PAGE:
- All this talk about the pilot shortage is now obsolete. With the Age 60 rule gone, airline hiring will come to a halt. In other words, all those airline wannabes out there just had their career path destroyed. A retraction is in order.
- About a month ago, I was arrested for driving under the influence (DUI). I'm a junior in college, and it was one of those goofy weekends with friends celebrating a sports victory. I had some beers but thought I was OK. The police officer pulled me over for speeding but suspected that I had been drinking. Well, you know the rest of the story. The obvious question: Am I toasted as far as an airline career is concerned?
- I am a 33-year-old Navy veteran. I earned my private certificate about a year and a half ago and now I am enrolled in an aeronautical science/professional pilot program. At my age am I going to be a marketable pilot that airlines would want to hire? Is it going to take me five years to make a $50,000 salary or am I just spinning my wheels with this pipe dream? Would it be a wise idea to stay at a regional making the $60,000 to $75,000 a year cap that they have to ensure some stability?
- I was wondering if you have any suggestions or advice for my 17-year-old son who wants to become a commercial pilot. He is a high school senior and he will be graduating in 2009. He doesn't really want to fly passengers but sees himself flying packages for the U.S. Postal Service, FedEx, UPS, or another package delivery company. He has found some nearby training schools in Green Bay, Wisconsin, and St. Louis, Missouri, but he has no idea of how much work and effort it would take to pursue this type of career. Can you give him some suggestions and advice that would help him prepare for what is ahead? -Jacqui from Milwaukee
- I am currently in my junior year in high school, and am looking to become a pilot. What is the best road to take? Should I go to a local flight school or a well-known school? How do I get to a flying career and what are the best options?
- I have a question about failing an FAA practical test. How long do failures remain in your FAA records? Do airline employers consider whether or not you have failed your private,instrument,commercial, multiengine, or CFI? I've heard that after two years the FAA shreds all documentation that reflects an unsuccessful performance. I've also heard that some examiners won't file your pink slip.
-Glen from Omaha, Nebraska
- I'm working on my instrument rating and my goal is to become a professional pilot after graduation from college. I have about 150 hours and am training in a Part 61 flight school. I know that the total time requirement to obtain the commercial pilot is 250 hours. Would it be better for me to spend more money and have 50 hours of multiengine training included in the 250 hours? Would it help me to get an interview with the regional airlines? I know the 250 hours is very low to get hired and people usually become flight instructors to earn hours, but I have no interest in an instruction career. I'm also planning to train in a Cirrus SR20-G3. Will the high performance time look better in my logbook? -Renee from Madison, Wisconsin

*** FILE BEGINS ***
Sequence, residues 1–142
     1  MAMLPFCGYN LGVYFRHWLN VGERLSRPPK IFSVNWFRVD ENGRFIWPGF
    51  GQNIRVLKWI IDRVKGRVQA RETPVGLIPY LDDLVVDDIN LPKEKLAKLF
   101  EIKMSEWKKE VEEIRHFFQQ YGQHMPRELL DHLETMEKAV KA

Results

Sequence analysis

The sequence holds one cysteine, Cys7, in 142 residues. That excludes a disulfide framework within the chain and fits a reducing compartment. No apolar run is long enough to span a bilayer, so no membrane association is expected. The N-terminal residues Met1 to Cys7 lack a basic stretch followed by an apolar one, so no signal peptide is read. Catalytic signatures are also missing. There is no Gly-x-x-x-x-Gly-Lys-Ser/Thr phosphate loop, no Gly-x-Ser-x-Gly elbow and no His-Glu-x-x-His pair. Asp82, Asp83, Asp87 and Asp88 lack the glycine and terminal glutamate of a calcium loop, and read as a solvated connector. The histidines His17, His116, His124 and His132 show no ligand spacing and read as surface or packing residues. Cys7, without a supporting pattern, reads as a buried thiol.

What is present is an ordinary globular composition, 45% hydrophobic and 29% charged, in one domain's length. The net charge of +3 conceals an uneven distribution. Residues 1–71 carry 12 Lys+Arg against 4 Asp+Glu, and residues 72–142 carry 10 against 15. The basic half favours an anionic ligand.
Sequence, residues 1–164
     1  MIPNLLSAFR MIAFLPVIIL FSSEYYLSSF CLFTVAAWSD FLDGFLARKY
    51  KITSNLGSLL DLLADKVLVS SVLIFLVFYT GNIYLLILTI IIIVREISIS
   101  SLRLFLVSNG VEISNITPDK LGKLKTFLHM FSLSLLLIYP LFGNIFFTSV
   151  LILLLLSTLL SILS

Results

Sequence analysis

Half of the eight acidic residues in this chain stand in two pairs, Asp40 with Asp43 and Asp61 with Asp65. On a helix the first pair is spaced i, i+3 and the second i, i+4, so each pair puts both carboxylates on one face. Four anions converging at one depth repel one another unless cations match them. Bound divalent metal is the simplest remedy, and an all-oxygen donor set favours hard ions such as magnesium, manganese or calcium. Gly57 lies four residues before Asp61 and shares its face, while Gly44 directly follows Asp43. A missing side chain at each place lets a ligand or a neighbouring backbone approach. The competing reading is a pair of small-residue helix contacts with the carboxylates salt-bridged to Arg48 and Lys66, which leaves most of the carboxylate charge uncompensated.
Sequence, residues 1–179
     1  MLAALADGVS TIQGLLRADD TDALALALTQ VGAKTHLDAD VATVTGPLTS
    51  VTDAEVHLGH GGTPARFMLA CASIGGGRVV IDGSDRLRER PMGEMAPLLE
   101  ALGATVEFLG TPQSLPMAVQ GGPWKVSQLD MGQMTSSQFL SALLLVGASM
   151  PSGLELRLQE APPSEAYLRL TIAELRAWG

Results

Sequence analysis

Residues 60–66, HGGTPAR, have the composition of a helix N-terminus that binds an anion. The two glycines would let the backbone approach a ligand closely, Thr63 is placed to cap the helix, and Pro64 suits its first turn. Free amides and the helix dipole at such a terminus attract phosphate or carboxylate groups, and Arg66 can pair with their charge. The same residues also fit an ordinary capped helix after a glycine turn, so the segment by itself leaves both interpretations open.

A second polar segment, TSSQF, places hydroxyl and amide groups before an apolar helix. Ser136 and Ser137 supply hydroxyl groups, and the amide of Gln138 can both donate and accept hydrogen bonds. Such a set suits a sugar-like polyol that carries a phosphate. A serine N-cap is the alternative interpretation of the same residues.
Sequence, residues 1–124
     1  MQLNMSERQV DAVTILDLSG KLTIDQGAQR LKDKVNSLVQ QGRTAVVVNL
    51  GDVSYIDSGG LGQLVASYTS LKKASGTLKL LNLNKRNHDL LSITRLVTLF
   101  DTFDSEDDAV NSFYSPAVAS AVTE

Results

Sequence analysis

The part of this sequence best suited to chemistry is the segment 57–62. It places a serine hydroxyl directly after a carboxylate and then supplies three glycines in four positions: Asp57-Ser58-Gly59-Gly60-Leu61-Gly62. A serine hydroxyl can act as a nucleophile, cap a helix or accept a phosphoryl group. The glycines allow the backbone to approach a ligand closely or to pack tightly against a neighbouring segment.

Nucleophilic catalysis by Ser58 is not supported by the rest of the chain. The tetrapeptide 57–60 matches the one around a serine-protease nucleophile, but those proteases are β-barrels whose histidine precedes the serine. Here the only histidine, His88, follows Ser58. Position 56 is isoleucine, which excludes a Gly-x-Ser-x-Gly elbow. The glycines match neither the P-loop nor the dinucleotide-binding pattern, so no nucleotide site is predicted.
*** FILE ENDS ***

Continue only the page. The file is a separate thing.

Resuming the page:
- I am an active-duty Army officer and anticipate returning to the civilian world between 2012 and 2015. How best should I utilize the next few years to become competitive [upon exiting the service] for a position with UPS? The way I see it, I can focus on attaining my ratings through commercial and CFII. Or, I could simply remain on my current track to attain private through instrument (and a multiengine rating) and place a greater emphasis on logging cross-country hours.
- I am in high school and I am looking into aviation colleges and flight schools, but I do not have 20/20 vision and wear glasses. Am I wasting my time trying to become a pilot?
- I have been reading your features and advice since I started flying in 2004 at Palwaukee Airport outside of Chicago. I am curious. What do you consider the best flying job out there?
- I have a question about FAR Part 141 flight schools versus FAR Part 61 flight schools. What are the differences, and do the airlines really care? I’ve heard the term “FAA approved” used by some schools while others do not. What’s the scoop?—Dave from Dubuque, Iowa
Karen Kahn, a captain for a major U.S. airline and an aviation career counselor, offers tips to help you on your way to an aviation career. Visit her Web site.
- The networking factor
- Early job opportunities: Make your own
- Good instrument skills--a must
- Getting back into flying
- Do I need a degree?
- From amateur to pro
- Job opportunities for older pilots
- Flying a big jet
- Résumé smarts for a challenging world
- Big school or small school?
- Must you decide flying goals now?
- Becoming a CFI
- Moving up the job ladder
- Planning your aviation career
- Can anybody fly the plane?
- Checking out your local flight school
- Is accelerated training for you?
- Learn from the mistakes of others
- Which rating, when?
- Simulators: help or hindrance?
- Am I too old?
- Career Choices: Making the right moves
- Building quality flight time
- Recession-proofing your pilot skills
- Local or long-distance training?
- Marketing yourself
- Spending flying dollars wisely
AOPA has compiled a list of articles to help get you started: